But it isn’t just about attracting new talent; retention is just as important. What we’re seeing now is companies like “Apple and Amazon are just giving pay rises out of the blue to keep up with the market, because if you don’t, engineers can get a 20-30% pay rise somewhere else,” said Mark.
And they’re also looking at their proposition, rethinking and assessing why they attract engineers: what their work processes are, whether their salary offerings are competitive, what their tech stack is. There’s so much opportunity out there for engineers right now that they can pick and choose a company whose style works for them – so employers need to step up their game to craft a more desirable place to work.
Mark argued that some companies overlook this crucial element. They boost their perk offerings instead of thinking about what the day-to-day is like. But ultimately, candidates don’t go for perks alone – they choose a company based on its value prop, its tech stack, and what and how the company operates. All the perks in the world won’t amount to anything if the work itself isn’t fulfilling. “Sometimes companies use perks to offset deeper problems, but engineers want to be doing meaningful work,” said Mark.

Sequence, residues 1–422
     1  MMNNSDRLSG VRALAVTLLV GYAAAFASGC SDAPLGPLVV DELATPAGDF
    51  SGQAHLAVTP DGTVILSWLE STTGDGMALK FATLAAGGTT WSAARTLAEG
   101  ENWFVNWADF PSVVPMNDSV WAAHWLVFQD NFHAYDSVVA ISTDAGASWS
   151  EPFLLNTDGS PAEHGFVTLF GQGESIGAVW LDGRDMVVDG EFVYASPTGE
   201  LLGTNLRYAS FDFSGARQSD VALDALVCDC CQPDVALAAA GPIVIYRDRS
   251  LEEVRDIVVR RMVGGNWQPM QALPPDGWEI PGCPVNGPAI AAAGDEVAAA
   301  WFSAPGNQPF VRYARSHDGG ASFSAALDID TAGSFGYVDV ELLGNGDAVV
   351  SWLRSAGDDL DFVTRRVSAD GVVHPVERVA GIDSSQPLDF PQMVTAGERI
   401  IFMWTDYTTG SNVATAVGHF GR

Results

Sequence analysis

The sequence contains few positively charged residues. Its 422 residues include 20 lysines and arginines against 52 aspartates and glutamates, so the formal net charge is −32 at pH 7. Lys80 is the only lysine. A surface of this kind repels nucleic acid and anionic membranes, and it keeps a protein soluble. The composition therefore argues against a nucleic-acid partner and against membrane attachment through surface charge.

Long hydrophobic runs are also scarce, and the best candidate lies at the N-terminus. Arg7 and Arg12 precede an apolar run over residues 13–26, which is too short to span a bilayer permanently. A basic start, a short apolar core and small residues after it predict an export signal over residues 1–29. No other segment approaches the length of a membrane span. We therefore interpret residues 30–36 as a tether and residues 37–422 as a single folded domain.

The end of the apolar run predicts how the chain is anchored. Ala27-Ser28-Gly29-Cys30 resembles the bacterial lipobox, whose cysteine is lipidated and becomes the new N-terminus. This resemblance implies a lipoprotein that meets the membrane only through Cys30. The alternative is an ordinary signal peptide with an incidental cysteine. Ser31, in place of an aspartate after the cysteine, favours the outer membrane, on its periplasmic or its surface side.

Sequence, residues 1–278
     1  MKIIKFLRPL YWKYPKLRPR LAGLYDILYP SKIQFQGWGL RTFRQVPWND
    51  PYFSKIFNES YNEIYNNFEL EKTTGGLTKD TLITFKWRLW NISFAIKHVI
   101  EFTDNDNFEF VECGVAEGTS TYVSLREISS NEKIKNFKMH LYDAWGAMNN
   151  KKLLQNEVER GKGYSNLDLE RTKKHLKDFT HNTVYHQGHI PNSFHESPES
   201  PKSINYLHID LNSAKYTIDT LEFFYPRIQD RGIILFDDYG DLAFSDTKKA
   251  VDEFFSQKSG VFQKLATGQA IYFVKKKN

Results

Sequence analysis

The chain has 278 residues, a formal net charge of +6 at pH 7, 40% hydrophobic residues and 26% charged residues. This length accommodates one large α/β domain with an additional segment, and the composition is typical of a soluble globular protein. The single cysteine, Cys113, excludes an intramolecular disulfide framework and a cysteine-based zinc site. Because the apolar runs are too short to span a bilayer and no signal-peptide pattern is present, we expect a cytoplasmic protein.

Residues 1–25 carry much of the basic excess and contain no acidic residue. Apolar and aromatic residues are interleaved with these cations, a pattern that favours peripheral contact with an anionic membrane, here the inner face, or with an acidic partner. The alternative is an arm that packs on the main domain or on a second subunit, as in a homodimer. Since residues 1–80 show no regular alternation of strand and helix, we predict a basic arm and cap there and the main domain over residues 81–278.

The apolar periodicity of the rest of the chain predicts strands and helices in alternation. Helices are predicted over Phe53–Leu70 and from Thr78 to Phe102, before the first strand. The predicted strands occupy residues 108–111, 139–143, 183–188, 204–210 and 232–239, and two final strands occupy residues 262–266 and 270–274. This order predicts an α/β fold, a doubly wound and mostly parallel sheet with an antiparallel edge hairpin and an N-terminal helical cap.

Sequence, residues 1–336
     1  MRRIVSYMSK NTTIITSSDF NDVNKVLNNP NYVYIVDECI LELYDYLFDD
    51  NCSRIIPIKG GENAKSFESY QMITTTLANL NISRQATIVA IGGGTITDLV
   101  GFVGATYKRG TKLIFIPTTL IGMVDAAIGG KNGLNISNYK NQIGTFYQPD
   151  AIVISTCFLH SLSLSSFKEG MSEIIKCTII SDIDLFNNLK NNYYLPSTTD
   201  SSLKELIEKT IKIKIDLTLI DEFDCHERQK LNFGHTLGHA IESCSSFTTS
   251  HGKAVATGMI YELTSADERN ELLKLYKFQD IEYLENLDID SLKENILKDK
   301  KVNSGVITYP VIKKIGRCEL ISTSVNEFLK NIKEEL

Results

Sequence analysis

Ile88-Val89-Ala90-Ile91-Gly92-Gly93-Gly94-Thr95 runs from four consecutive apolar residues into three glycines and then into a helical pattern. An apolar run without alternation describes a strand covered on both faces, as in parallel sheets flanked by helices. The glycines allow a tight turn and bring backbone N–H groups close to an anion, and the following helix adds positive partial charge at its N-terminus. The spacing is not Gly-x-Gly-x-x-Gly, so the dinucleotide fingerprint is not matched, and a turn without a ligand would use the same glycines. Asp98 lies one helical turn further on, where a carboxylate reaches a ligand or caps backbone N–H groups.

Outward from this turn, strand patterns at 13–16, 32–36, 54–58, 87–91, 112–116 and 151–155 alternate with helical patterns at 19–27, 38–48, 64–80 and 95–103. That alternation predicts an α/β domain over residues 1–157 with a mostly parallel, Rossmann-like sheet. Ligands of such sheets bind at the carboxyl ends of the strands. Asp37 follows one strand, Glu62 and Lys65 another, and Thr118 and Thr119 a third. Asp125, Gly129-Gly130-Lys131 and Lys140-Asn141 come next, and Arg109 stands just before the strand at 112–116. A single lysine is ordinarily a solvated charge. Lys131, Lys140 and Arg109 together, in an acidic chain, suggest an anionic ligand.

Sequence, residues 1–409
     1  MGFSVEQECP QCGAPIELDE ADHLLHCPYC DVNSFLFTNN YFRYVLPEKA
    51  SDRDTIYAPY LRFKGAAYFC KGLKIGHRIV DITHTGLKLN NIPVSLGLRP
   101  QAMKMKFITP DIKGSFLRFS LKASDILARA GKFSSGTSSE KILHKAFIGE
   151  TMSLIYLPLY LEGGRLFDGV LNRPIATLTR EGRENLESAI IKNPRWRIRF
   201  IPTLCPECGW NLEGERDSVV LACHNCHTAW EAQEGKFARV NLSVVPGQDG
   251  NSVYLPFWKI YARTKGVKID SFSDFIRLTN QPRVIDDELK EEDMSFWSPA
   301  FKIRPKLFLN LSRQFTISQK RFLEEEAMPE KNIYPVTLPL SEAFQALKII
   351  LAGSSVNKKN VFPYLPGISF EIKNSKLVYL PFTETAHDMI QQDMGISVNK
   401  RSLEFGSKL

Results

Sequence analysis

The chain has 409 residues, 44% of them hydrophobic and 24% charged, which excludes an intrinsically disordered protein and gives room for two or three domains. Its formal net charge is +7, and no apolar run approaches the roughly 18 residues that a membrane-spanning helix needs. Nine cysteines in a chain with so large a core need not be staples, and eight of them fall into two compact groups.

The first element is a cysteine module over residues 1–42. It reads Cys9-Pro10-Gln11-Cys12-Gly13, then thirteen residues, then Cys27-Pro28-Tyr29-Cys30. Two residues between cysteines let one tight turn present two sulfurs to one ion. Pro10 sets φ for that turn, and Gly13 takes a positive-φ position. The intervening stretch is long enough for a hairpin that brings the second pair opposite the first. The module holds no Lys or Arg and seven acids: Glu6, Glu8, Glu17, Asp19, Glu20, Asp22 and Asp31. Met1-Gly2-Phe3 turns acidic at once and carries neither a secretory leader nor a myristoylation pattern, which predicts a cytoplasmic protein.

(Though that isn’t to say offering the best monitors for engineers to work more effectively from home would go amiss!)
The lessons that business leaders can take from hackajob’s success are clear: to attract the right talent, you’re going to need to step up your game. New ways are needed to engage relevant talent and traditional recruiting processes won’t cut it. The question is, how long will business leaders outside of the tech sector be held back before they strike out and try new hiring tools? From our conversation with Mark, and seeing the success of hackajob so far, we wouldn’t be surprised if change isn’t coming to the rest of the world sooner rather than later…
Learn More About hackajob
hackajob was born out of the frustration with the traditional recruitment agency approach and the difficulty of hiring top engineers. Rather than allowing recruitment to be clouded by unconscious bias, hackajob reimagines the process by building it around the needs of technical talent and the framework required to engage with them.
Thousands of companies such as Sainsbury’s, Roku, and Vodafone depend on the hackajob platform to reduce the time to hire, engage with candidates and, most importantly, remove the bias from the recruitment process.